An engineer from the University of Miami has received $100,000 from NASA to develop a fuel-efficient supersonic aircraft shaped like a ninja star. Working with a team from Florida State University, Ge-Chen Zha has designed a bi-directional flying wing (SBiDir-FW) that can travel at supersonic speeds without the sonic boom generated by conventional aircraft when they break the sound barrier. This remarkable jet could potentially travel from New York to Tokyo in four hours.

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The $100,000 grant, which comes from NASA’s prestigious Innovative Advanced Concepts program, will allow Zha and his colleagues to continue development of their high-tech, futuristic plane which is capable of such speed by simply turning 90 degrees in the air.

Whereas most aircraft are composed of a tube-shaped fuselage with two wings inserted, such vehicles are designed to hold passengers and cargo, with lift being generated by the wings. Zha has said that this design “is not very efficient and generates a strong sonic boom.” Instead, his BiDir-FW platform is symmetric along both the longitudinal and span axes. It is a flying wing that generates lift everywhere and is able to rotate 90 degrees during flight between supersonic and subsonic speeds.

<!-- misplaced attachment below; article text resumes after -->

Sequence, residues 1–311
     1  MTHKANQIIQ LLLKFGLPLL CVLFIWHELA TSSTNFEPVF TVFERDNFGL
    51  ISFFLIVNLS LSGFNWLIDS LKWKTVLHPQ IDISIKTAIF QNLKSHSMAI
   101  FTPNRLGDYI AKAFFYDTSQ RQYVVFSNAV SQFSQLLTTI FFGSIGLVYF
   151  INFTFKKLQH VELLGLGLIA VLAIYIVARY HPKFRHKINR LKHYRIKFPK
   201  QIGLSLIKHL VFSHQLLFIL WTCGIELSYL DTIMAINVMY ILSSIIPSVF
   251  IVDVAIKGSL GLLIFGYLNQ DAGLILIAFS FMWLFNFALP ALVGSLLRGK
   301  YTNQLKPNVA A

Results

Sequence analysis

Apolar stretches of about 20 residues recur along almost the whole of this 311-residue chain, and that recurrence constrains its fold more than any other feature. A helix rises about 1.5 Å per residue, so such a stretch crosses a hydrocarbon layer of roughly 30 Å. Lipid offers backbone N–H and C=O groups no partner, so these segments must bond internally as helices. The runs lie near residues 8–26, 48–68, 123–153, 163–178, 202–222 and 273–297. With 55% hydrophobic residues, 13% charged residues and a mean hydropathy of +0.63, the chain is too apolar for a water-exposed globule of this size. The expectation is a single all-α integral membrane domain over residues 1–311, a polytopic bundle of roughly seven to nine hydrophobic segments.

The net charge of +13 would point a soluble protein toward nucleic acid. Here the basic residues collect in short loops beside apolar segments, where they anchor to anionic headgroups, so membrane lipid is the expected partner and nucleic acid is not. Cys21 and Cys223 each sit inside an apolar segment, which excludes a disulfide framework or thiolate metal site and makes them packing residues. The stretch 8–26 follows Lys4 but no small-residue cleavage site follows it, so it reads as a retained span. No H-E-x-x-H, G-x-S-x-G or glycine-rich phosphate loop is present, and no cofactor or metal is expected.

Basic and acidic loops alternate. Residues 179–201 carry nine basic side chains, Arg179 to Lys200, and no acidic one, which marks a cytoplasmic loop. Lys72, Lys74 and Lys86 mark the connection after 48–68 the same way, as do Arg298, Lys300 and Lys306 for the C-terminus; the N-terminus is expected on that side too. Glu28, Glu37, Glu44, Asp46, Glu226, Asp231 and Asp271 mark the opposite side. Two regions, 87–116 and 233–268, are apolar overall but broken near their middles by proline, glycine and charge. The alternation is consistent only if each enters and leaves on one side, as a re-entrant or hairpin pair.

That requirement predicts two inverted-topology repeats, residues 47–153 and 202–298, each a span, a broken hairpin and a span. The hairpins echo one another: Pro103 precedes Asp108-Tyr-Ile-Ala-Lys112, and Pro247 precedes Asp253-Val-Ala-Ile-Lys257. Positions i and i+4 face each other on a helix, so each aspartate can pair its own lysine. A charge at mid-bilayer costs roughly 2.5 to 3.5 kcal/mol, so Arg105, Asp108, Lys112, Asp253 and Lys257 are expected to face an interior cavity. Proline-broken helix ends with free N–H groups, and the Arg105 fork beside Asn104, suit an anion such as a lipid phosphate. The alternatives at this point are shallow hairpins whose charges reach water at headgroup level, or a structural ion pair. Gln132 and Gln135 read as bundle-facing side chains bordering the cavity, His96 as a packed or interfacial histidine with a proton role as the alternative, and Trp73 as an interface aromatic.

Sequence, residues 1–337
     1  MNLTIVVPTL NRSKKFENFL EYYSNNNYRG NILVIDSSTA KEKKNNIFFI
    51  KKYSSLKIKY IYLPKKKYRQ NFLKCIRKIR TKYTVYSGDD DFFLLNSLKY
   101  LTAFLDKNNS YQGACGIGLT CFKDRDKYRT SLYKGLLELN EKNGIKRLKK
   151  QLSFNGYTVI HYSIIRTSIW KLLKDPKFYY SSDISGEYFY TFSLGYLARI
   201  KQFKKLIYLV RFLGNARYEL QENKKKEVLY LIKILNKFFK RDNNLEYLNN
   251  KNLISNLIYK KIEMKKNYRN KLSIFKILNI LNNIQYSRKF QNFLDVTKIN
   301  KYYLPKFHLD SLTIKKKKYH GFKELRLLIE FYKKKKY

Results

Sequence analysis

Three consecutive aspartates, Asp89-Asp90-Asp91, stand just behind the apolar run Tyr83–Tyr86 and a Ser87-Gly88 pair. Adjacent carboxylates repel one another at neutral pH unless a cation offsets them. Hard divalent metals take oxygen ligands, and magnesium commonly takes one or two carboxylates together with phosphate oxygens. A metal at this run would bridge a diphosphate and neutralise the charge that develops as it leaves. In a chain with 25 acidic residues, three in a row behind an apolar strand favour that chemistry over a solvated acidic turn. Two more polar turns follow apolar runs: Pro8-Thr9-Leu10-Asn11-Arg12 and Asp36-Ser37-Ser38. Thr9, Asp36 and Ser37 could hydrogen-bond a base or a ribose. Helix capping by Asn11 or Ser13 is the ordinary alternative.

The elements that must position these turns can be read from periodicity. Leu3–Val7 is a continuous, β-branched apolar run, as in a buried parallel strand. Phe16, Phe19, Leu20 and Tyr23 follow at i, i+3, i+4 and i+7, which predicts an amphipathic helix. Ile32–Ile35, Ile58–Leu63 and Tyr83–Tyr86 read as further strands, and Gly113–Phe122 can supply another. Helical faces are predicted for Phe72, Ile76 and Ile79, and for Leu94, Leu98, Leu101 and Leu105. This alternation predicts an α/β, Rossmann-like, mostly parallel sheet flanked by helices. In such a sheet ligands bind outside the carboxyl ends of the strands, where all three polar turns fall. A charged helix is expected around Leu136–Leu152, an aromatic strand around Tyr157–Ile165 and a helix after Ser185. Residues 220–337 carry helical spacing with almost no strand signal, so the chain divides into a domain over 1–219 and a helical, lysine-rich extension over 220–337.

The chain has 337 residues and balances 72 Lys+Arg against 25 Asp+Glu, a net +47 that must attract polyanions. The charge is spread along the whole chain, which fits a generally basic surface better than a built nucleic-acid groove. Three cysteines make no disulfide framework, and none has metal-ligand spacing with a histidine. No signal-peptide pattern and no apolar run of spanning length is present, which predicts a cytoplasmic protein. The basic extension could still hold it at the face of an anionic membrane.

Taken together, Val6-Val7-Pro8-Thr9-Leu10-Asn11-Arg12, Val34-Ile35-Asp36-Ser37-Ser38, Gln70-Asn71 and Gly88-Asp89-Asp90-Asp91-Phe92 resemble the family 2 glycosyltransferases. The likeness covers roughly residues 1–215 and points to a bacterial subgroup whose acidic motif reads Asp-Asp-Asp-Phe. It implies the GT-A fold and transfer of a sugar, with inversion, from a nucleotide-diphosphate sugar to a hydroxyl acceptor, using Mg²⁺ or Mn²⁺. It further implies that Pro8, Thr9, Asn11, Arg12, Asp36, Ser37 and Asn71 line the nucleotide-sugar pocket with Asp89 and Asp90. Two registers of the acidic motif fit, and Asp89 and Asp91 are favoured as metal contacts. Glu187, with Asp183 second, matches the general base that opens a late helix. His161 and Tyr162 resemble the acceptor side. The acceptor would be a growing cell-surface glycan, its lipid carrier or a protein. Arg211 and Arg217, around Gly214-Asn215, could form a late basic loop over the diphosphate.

“I am glad that this novel concept is recognized by the technological authorities for its scientific merit,” said Zha, a professor at UM’s College of Engineering and principal investigator of the project. “This prize means that NASA rewards audacious thinking.”

“Through the NASA Innovative Advanced Concepts program, NASA is taking the long-term view of technological investment and the advancement that is essential for accomplishing our missions. We are inventing the ways in which next-generation aircraft and spacecraft will change the world and inspiring Americans to take bold steps.”

Zha is even hoping he can make his design greener than it already is, with its zero sonic boom, low supersonic wave drag and low fuel consumption. “I am hoping to develop an environmentally friendly and economically viable airplane for supersonic civil transport in the next 20 to 30 years,” he said.

+ University of Miami

via Innovation News Daily